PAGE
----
The features article “do video games kill?” is by Karen Sternheimer, and in winter 2007 issue of Contexts, the magazine of the American Sociological Association. Here’s a link to a PDF of the article – kudos to them for publishing it online this way! Not everyone is so free with their content.
Subtitle: When white, middle-class teens kill, the media and politicians are quick to blame video games. Are they right?
It’s a very interesting sociological analysis, and it’s encouraging that she pretty thoroughly debunks the idea that video games cause this violence. And this is actual research, by a PhD sociologist at USC, based on analysis of newspaper coverage, as well as on FBI statistics on youth crime. It’s compelling – and it raises a very very important question: if we wrongly focus on a false cause of violence and teen deaths, what real causes are we failing to address because of that? Causes she identifies such as poverty, instability, family violence, unemployment and mental illness?
This is an important article about the way our society works, the way politicians work, and the way media news coverage works – in this case, all with video games as their target, as a “contemporary folk devil.”
Here’s the most basic argument she makes against demonizing games, and it’s based just on numbers. Kind of tough to argue with numbers:
The game industry is now a $10 billion industry annually. Tens of millions of kids play video games every week. Yet in the 10 years since Doom’s release – which Orrin Hatch held up before congress as an example of how video games teach kids to kill – juvenile homicide rates have fallen 77 percent.
Any such event is horrible, a nightmare – but at the moment students have less than a 7 in 10,000,000 chance of being killed at school. That is 7 in 10,000,000 too many, absolutely – but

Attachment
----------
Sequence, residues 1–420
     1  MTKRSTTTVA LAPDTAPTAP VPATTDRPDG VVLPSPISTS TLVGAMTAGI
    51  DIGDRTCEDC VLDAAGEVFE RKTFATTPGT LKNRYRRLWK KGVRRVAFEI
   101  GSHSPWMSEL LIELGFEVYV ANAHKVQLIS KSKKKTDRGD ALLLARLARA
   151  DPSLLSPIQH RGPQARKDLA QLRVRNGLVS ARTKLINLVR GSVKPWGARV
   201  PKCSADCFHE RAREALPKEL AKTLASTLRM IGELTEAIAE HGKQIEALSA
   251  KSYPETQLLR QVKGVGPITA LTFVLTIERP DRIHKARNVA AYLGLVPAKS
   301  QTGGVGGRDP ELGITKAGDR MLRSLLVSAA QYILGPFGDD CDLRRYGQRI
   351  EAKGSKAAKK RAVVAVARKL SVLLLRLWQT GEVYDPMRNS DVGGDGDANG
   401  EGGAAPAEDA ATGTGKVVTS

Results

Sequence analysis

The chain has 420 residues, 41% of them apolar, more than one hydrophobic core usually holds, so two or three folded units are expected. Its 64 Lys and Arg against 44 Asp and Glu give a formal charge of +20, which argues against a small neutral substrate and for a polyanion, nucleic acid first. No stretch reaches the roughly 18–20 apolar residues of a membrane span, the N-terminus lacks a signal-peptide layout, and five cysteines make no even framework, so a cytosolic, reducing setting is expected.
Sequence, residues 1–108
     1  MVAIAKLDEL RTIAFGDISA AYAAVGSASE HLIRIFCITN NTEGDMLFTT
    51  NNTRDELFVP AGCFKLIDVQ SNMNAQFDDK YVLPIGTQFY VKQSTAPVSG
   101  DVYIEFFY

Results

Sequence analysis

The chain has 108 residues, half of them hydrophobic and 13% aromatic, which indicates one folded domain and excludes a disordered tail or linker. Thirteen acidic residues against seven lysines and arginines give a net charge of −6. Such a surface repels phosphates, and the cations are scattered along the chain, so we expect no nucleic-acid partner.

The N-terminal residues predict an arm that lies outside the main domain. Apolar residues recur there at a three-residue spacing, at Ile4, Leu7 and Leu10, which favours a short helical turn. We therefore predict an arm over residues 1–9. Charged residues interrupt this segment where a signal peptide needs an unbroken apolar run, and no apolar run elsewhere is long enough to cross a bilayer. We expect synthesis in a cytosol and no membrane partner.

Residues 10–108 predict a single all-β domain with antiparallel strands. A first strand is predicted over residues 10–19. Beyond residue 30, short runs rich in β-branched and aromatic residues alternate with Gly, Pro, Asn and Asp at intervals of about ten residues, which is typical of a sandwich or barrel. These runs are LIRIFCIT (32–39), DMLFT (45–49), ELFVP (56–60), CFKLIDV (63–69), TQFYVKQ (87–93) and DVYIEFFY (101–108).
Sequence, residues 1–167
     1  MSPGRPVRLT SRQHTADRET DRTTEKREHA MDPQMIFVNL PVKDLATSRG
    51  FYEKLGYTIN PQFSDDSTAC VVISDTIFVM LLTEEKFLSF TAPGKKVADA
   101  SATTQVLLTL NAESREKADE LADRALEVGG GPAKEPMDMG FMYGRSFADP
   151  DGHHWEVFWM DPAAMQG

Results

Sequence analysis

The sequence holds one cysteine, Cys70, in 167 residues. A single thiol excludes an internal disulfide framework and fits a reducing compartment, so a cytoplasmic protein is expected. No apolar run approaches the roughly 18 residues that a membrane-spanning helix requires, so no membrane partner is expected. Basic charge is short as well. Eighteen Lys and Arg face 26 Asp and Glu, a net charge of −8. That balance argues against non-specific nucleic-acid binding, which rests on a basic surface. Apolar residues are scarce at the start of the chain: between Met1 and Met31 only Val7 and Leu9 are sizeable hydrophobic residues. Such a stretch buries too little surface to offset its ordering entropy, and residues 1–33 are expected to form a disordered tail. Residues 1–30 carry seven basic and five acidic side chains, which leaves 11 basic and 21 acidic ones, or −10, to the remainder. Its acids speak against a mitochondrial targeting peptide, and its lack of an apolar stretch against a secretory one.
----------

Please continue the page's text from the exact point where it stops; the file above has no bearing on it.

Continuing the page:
1) The data just doesn’t suggest that video games actually cause those 7
2) At 7 in 10,000,000, there are clearly many many more common problems which are deadly to kids – and which we’re not addressing when we’re stuck on video games
I googled teen driving death rates to prove the point. For males aged 16 to 19, the motor vehicle death rate is 23 per 100,000. That is, according to my calculator, 338 times more likely than being killed at school. Teen suicide – something we very carefully don’t talk about or address as a society – is the third leading cause of teen deaths at 7.3 per 100,000 – 100 times more likely than being killed at school. All of those statistics are based on government data – I’m not making it up.
So: maybe we ought to react out of fear less, use our brains more, and actually address most important issues first? Note that I’m not even pointing much of a finger at political and media manipulation around the issues – but Karen does that in her article.
I realized this was heavy stuff when I got to this point in the blog entry. But what am I supposed to do? NOT blog about it because it’s heavy stuff?
I also realize someone could blame driving deaths and suicides on video games, too. And I think that’d be just as wrong of a focus to address those problems.